Ensemble experimented with other music techniques in Age of Mythology. The excellent soundtrack also includes mellow versions of most of its in-game tracks, which are used in certain cutscenes and custom scenarios. This technique works quite well, to add variety to the game’s pacing, given the narrative-heavy nature of its campaign. The game also has another dynamic music technique: when a town centre is under attack, the music switches to a dramatic one, and fades away to the usual, chill soundtrack once the attack is over. This technique is somewhat less successful, given the jarring transition and how difficult it is to properly follow the tension of an RTS game - sometimes the most crucial moments are small skirmishes during key moments rather than large battles. Nevertheless it is interesting to see attempts at dynamic music in RTS.

Further Listening

Music, like many other aspects of RTS games, have matured after its golden age, as the genre stagnated. But by examining its history, its key titles and soundtracks, we can learn a lot about how to make and enjoy great music for games. Many of the best soundtracks are highly listenable and can easily go into your playlist. For those who want to (re)visit some great soundtracks, here are my top recommendations:

  • Command and Conquer: this series is all about Frank Klepacki’s signature “rocktronic” style, and if you haven’t checked it out yet, definitely find a copy of the Command & Conquer Remastered Collection. Many tracks in this and the Red Alert series were good from even the earliest games, but if for some reason you want more, check out some of Klepacki’s non-game work too.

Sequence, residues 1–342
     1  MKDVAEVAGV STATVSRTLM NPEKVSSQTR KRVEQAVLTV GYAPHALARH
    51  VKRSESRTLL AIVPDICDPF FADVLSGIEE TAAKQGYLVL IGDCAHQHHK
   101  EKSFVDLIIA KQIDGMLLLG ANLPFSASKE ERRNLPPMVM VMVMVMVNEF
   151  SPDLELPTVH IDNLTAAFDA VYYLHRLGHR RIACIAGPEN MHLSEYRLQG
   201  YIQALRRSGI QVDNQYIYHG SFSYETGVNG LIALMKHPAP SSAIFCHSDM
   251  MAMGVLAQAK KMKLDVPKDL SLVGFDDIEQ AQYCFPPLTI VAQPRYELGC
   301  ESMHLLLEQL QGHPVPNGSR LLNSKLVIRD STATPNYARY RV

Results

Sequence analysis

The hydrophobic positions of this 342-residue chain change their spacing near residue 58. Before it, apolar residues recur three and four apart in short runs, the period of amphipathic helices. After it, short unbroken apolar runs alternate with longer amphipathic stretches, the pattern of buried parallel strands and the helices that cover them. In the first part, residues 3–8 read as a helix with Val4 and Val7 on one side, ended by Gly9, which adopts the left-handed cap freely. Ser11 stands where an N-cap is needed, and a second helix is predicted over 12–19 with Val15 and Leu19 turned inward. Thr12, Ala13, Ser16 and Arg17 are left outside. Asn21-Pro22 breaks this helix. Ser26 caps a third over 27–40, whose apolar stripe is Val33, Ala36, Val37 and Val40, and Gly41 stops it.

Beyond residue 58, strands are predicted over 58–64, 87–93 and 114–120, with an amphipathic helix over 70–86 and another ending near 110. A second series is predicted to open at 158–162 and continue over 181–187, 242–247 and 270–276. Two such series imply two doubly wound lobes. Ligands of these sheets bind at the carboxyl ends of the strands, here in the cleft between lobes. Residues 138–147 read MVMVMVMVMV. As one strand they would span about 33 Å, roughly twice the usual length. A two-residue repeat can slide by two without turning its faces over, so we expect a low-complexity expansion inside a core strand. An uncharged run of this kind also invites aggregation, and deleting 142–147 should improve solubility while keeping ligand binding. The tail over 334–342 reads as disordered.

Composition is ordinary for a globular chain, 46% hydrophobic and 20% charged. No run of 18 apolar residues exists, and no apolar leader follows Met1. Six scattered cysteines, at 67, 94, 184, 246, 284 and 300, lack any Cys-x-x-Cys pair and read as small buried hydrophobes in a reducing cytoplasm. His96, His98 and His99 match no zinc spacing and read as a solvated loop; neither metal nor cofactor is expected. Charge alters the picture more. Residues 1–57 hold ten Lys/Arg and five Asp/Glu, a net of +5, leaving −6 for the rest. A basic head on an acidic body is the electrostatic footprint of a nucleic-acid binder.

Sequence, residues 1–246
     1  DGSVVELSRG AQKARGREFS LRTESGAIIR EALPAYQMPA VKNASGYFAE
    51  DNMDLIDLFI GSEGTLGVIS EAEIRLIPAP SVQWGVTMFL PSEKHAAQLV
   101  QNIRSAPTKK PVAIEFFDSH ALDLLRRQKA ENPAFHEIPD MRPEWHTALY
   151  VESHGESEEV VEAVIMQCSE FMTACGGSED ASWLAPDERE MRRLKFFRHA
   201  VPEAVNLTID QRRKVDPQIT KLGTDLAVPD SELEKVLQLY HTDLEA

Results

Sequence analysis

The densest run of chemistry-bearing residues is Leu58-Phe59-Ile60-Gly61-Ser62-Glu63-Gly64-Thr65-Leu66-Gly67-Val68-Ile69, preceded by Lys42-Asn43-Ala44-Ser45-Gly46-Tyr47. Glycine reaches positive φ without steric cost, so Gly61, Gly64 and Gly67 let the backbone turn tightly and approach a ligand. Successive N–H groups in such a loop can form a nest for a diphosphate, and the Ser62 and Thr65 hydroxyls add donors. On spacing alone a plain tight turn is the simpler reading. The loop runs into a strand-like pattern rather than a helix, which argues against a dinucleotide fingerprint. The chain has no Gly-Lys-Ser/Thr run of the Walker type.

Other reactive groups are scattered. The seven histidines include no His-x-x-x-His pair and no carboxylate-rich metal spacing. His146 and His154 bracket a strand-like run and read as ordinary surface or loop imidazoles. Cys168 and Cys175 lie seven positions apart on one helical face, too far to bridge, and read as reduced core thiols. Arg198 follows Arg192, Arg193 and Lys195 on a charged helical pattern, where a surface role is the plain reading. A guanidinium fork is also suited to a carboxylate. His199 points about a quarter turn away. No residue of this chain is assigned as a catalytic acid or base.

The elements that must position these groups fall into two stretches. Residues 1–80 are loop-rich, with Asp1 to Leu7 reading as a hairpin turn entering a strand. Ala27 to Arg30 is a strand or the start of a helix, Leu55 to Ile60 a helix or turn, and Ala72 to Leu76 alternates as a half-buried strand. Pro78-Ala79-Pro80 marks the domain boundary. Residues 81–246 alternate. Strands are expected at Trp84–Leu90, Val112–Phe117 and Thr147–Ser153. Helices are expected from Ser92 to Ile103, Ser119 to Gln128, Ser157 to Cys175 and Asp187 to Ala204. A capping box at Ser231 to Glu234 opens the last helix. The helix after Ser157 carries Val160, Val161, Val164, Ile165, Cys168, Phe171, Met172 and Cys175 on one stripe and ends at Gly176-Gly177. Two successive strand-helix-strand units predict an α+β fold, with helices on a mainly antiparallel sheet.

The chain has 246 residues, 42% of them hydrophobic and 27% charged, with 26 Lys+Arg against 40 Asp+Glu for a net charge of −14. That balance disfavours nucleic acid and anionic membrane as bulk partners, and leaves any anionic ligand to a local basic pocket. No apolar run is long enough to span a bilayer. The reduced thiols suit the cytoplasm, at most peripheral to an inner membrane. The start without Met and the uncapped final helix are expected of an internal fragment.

• StarCraft: the Terran faction’s space cowboy soundtrack is so iconic, and Glenn Stafford’s prog-rock background keeps it fresh with the tracks constantly evolving. StarCraft II is generally the better version, although StarCraft is still very enjoyable. Same goes with the factions, although Terran music is the most well regarded, the Zerg faction is pretty cool too, but in a dark-synth kind of way.
  • Dune: for dark sci-fi this franchise’s unique setting offers the perfect thematic backdrop for some unique tunes. Empire: Battle for Dune’s Ordos and Harkonnen soundtracks are top-notch, but Dune 2000 remains my favourite rendition of the kind of epic desert sci-fi war that exemplifies this setting. If only there was a new Dune RTS…
  • And last but not least, here are some of my single-title favourites: Age of Mythology (looking forward to the remake), KKND2, Warhammer 40k: Dawn of War, Total Annihilation, Command & Conquer: Generals (sorely needs a sequel or remake)…